The French preacher named André Trocmé put it this way. “We must not imagine (Jesus) as a sublime yogi sheltered from the world on the shores of eternity, or as an ascetic who invited his disciples to follow him in solitude in order to learn an ideal having no connection whatsoever with the problems of this world. To extol the exceptional nature of (Jesus’) holiness to such a degree is but an evasion of discipleship” (Jesus and the nonviolent revolution, p. 112).

Living in opposition to Creation fosters an attitude of exploitation, perverts our calling, and profanes the goodness of God. And retreating from the world is, at best, an evasion of discipleship.

 

Jesus told Pilate that his kingdom was “not of this world,” and if it were, his servants would fight (John 18:36). And so, People generally assume that the kingdom which Jesus was championing was purely a spiritual kingdom, completely unrelated to the realities of the broken world we live in. But this is a misinterpretation of the threat the Jesus’ movement posed to Pilate’s authority. Preaching about an otherworldly kingdom might have explained why he was called a lunatic, but it wouldn’t have gotten him killed.

Being “not of the world” has little to do with being from some invisible, otherworldly kingdom. To be “not of the world” simply means not conforming to the spirit of the age in which we live. And leading a movement that calls for nonconformance with the current order of things is exactly what will get you killed.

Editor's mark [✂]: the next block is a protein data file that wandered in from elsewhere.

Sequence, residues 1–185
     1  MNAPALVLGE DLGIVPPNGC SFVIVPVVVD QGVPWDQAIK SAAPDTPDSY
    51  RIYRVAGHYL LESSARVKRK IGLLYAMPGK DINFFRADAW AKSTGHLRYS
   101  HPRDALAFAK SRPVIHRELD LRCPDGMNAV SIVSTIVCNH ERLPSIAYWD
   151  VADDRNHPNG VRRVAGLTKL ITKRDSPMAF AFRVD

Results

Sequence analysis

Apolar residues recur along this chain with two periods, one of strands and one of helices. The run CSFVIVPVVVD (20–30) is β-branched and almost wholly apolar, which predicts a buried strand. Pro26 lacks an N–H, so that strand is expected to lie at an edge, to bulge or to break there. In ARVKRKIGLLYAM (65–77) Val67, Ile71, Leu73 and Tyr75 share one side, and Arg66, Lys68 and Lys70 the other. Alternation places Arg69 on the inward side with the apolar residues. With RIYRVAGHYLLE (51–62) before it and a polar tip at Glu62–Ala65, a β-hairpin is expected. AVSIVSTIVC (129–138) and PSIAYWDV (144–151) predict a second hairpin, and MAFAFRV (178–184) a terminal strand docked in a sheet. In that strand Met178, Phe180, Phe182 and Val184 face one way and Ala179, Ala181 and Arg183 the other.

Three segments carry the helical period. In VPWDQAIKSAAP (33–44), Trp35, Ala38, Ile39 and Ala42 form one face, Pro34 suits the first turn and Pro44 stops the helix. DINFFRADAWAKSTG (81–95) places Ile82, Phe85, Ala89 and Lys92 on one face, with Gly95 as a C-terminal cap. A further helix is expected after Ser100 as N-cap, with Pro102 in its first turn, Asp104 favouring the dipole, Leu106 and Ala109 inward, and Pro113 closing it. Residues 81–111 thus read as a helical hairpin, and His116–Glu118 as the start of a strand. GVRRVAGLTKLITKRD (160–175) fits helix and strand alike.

“Do not be conformed to this world,” the Apostle Paul said, “but be transformed by the renewing of your mind” (Romans 12:2).

Nonconformity invariably provokes hatred.

 

Hence Jesus’ words, “If you belonged to the world, it would love you as its own. As it is, you do not belong to the world, but I have chosen you out of the world. That is why the world hates you” (John 15:19).

Nonconformity means we will be peculiar. It will be clear we are not “from around here.”

But our nonconformity with the world is not because we are called to hate the world. It is because we have been sent into the world and called to love it with a rebellious kind of love. Our peculiarity is our witness. Our nonconformity is intended to challenge the present order of things. And we are not of the present order of things because we have called to restore life and oppose destruction. We have been called to turn swords into plowshares, to end violence and war and give birth to practices that beget life.

Just as Christ loved us and gave his life for us, we have been sent into the world to love the world and give our lives for it.

 

In Christ, it has been made known to us that though Creation is good, is has been co-opted by an order that seeks its destruction. Humans create laws and live in ways that hurt, manipulate, devalue, and destroy each other. The present order of violence and destruction begets more and more violence and destruction.

People live for the sake of being more and more successful,
more and more comfortable,
with more and more enemies that need to be defeated,
with their hearts every set on victory of one country,
or one people,
or one corporation
over another.

Thus, we live less and less in love with the goodness that is inherent in the world.
Rather than living as stewards of God’s Good Creation,
as people created to love and serve one another,
we live as destroyers of life.

 

This is the order of “the world” that we live in.
This is constitution under which the world works.
This is the brokenness of the world into which we have been sent.